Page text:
Painkillers not as addictive as feared

Painkillers not as addictive as feared

NEW YORK - Reuters
Painkillers not as addictive as feared

Concerns about being addicted to painkillers may be ‘overblown.’

Fewer than five percent of patients prescribed narcotics to treat chronic pain become addicted to the drugs, according to a new analysis of past research.

The finding suggests that concerns about the risk of becoming addicted to prescription painkillers might be “overblown,” said addiction specialist Dr. Michael Fleming at Northwestern University’s Feinberg School of Medicine.

“If you’re a person that doesn’t have a history of addiction and doesn’t have any major psychiatric problems, narcotics are relatively safe as long as your doctor doesn’t give you too much and uses the right medication,” Fleming, who was not involved in the new study, told Reuters Health.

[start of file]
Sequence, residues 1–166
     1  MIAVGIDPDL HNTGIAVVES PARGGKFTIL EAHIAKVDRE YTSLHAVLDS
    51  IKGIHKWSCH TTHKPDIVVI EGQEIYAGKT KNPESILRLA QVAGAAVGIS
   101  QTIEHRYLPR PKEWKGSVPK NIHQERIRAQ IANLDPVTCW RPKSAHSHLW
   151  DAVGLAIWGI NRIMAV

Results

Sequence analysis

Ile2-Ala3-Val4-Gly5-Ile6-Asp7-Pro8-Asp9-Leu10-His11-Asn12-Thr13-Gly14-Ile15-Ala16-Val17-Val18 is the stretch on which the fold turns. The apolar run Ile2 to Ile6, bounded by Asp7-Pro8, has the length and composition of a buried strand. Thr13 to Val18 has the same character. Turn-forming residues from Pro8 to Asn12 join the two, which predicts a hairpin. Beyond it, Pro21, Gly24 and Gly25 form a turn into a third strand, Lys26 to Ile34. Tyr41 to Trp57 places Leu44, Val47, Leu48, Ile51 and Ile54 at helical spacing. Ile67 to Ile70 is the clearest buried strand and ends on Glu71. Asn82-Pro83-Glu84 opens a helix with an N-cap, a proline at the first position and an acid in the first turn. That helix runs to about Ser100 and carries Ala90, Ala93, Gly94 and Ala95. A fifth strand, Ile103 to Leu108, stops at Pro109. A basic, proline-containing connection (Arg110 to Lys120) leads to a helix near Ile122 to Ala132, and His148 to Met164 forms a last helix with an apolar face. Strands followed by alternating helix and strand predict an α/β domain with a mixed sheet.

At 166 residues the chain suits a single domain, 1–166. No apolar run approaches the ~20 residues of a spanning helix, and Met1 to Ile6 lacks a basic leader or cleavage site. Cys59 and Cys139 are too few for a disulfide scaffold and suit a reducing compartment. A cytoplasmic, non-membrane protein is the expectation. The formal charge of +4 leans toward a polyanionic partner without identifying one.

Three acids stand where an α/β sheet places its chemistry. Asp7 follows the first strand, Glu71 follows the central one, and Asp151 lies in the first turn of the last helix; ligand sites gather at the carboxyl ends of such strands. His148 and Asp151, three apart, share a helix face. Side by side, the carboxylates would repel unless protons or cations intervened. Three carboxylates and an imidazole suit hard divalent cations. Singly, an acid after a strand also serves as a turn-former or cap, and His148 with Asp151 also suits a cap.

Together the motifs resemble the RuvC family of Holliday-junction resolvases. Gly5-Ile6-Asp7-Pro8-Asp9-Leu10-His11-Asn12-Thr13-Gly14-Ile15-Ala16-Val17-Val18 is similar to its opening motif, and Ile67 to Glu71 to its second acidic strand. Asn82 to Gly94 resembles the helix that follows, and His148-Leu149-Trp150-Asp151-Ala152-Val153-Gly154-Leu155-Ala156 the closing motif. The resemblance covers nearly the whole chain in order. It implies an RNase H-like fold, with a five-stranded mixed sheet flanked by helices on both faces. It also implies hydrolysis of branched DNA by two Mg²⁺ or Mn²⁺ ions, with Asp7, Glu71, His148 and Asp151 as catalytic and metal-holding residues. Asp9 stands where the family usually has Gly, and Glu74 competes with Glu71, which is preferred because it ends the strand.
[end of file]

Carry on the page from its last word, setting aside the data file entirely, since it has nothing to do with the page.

Some recent research has concluded the same thing, but another expert remained skeptical about the new report because many of the studies it included were not considered the best quality research, and they varied widely in their results.

“I think the jury’s still out” on how worrisome prescription opioid addiction is, said Joseph Boscarino of the Geisinger Clinic in Danville, Pennsylvania, who studies pain and addiction.

Opioid painkillers, which include oxycodone, fentanyl and morphine, have only recently become available for patients with chronic pain, said Boscarino, who was not part of the new study. In the past, the drugs were almost exclusively reserved for cancer patients and people with short-term pain - on the theory that in the first category of patients the need outweighed the risk, and in the second group, short term use was unlikely to lead to long-term addiction. “They opened up. Since then there’s been a wave of addiction,”he said.